Precious Metals In Your Cell Phone: Is Our Tech Obsession Leading to a Materials Shortage?
Our modern lifestyle leads us to take many things for granted. One of them is the continuous supply of gizmos performing ever better with increased efficiency. The core of these technologies has a basis in seamless supplies of materials. However, a recent study highlighed the possibility that a scarcity of these materials and elements used in making them is imminent.
According to the authors of the study, about a century to half a century ago less than 12 materials were in wide use including wood, brick, plastics and a range of metals. Today, a modern computer chip uses over 60 different elements to enhance product performance, according to the study. The authors explain the evolution of material complexity with an example of the "superalloy" metals used in aircraft turbine blades to which additional alloying elements have been used year after year resulting in increased efficiency, better performance, and reduced green house gas emissions. However, this design approach comes with a huge challenge of scarcity in face of increased demands.
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Resource economics, according to the authors, teach us that scarcity leads to increased exploration to increase the supply and development of suitable substitute. When the supply of cobalt was threatened in 1970s due to civil war in Zaire, scientists developed excellent magnets that replaced cobalt completely. However, this could be an exceptional case, and substitution in many cases could be difficult or impossible.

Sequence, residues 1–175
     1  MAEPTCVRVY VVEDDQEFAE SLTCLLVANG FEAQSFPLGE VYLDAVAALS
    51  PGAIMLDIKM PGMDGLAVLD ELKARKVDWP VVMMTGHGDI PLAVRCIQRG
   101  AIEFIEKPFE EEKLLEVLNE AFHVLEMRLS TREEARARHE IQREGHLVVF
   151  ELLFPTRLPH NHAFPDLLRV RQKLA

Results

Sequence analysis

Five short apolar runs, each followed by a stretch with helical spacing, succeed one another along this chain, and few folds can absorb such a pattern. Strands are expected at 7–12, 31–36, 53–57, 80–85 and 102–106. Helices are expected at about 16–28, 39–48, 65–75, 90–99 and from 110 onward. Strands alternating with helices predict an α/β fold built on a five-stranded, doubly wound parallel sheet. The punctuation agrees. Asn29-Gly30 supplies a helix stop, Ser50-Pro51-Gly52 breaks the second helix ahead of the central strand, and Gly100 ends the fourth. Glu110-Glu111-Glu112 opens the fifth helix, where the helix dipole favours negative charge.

In fact, the researchers extensively studied 62 metals and metalloids in periodic table to identify any potential substitutes and their performance. Their conclusion is alarming, if not downright frightening. There is no substitute that performs equally well, and 12 of the 62 have either no substitutes or inadequate substitute. The 12 elements include "rhenium, rhodium, lanthanum, europium, dysprosium, thulium, ytterbium, yttrium, strontium, thallium, magnesium, and manganese."
Knowing that, the research team then looked at the elemental "life cycle" — what happens to metals in modern society — in order to determine if we are actually using our limited resources efficiently. The answer, not surprisingly, was a strong "no. For example, they highlight the the Chinese nickel cycle, which was found to be in a state of high disequilibrium. In other words, over ten times the amount of nickel consumed in China is simply disposed of, and is not recycled. There are many other metals that see little to no recycling, as well. Some of the critical metals identified were rhodium, platinum, manganese, niobium, indium, and the rare earth metals.
As for the future of metal supply, the doomsday prophecies must be tempered with a realistic analysis. There's absolutely no doubt that demand for metals will continue to rise but no one really knows, by how much because, "shortage is determined by a complex equation involving demand, availability, cost of extraction and processing, technology improvement and substitutability — all of them influenced by the state of the economy," according to Roger Harrabin of BBC. The new finds are however, turning out to be dilute. Copper ores used to contain as much as 30 percent copper, but the current rocks have as little as 1 percent copper.
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